General Landscape Uses:
Primarily recommended for natural landscapes and habitat restorations.
Grown by a few native plant nurseries in central and northern Florida.
Twining, high climbing herbaceous vine.
N/A; a twining vine with stems 15 feet or more in length. Often drapes over other vegetation forming large mats.
Monroe County Keys north to Volusia, Putnam, Alachua and Levy counties; West Indies, Mexico, Central America, South America and Old World tropics.
Map of select IRC data from peninsular Florida.
Hammock and swamp edges.
Moist to seasonally inundated, well-drained to moderately well-drained sandy or limestone soils, with humusy top layer.
Moderate; can grow in nutrient poor soils, but needs some organic content to thrive.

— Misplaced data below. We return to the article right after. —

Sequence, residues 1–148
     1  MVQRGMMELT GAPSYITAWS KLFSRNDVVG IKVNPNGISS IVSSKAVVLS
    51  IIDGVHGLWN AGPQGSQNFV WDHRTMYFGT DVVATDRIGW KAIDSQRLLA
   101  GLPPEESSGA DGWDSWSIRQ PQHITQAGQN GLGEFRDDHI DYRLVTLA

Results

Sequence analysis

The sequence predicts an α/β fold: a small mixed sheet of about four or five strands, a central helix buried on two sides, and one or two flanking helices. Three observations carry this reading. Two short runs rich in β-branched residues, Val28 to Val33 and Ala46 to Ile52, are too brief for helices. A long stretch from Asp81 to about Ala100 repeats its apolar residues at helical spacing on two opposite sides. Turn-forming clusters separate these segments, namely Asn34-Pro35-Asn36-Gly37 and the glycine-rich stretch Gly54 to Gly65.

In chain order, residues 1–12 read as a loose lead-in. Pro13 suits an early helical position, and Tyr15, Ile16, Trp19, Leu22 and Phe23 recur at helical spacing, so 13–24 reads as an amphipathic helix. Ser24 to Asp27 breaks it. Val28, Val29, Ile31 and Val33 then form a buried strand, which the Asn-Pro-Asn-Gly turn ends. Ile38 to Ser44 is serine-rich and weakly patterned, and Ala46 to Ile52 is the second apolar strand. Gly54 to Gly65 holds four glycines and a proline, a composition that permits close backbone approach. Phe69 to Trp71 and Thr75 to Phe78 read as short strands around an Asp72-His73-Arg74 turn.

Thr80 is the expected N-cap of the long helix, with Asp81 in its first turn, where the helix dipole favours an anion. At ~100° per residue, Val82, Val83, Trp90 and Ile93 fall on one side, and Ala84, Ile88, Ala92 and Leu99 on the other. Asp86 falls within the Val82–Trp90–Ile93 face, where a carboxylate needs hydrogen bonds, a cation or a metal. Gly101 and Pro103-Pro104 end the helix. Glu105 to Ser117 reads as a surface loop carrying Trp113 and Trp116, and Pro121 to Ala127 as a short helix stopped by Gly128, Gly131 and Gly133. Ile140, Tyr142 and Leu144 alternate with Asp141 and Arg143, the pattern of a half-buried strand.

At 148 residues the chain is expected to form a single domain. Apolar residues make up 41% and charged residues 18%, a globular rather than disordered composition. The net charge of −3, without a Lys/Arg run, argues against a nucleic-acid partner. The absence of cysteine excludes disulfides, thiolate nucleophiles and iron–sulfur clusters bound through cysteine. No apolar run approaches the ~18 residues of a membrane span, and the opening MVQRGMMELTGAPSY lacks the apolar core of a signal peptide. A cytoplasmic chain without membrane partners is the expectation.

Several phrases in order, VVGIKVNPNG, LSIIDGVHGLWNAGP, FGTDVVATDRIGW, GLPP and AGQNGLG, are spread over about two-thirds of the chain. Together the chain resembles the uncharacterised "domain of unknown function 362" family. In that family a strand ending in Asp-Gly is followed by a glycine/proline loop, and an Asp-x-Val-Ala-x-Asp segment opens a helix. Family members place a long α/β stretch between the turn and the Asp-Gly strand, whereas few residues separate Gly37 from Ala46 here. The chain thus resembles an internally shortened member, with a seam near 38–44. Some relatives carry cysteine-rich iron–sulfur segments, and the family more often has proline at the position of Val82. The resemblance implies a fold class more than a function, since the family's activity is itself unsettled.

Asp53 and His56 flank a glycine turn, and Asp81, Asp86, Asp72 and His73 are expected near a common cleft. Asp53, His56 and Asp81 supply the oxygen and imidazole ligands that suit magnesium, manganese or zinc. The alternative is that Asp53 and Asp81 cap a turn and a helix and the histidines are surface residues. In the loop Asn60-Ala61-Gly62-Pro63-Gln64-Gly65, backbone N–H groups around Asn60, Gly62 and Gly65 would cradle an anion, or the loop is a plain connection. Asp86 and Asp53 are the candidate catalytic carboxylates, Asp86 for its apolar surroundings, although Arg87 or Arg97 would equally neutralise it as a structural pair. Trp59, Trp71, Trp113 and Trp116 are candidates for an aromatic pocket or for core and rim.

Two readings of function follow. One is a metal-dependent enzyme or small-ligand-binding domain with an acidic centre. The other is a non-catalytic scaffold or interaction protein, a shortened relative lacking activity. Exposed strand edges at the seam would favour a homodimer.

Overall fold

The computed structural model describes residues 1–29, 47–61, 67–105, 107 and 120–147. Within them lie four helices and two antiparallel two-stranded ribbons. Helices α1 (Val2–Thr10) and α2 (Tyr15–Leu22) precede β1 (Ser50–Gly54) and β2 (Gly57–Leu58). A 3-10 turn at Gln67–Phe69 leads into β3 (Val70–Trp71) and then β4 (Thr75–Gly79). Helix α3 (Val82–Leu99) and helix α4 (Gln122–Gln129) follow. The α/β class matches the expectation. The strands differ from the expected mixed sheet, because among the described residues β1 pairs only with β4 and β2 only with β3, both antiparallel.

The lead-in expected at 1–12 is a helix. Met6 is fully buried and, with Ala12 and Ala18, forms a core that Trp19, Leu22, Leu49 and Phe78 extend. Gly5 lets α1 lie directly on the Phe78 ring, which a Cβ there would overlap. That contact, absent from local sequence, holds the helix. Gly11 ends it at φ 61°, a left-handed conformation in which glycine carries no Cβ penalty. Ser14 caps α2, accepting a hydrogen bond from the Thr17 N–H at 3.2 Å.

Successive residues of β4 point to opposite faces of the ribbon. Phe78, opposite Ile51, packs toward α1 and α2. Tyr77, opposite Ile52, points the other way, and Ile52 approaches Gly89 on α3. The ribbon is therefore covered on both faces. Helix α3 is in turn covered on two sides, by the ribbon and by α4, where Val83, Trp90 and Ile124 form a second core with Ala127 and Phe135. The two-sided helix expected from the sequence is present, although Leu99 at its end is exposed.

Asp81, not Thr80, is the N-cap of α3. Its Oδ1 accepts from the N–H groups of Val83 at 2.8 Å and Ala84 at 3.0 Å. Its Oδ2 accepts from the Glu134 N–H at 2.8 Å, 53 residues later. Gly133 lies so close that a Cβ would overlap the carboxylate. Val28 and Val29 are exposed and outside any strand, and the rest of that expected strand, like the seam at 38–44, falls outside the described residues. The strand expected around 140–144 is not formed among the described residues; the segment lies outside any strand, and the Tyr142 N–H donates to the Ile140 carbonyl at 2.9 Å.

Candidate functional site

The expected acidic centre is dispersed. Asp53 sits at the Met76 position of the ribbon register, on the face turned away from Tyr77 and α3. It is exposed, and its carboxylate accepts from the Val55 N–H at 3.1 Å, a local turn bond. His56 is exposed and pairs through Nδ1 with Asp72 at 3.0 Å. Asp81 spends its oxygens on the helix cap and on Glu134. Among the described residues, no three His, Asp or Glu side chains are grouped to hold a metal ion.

Salt Water Tolerance:
Low; does not tolerate long-term flooding by salt or brackish water.
Salt Wind Tolerance:
High; can tolerate moderate amounts of salt wind without injury.
Moderate; generally requires moist soils, but tolerant of short periods of drought once established.
Full sun to light shade.
Showy, but open mostly at night.
Wildlife and Ecology:
Frequently recruits in disturbed areas that have recently burned.
Can be grown from seed or cuttings.
Can become aggressive and dificult to control in the garden; caution is urged.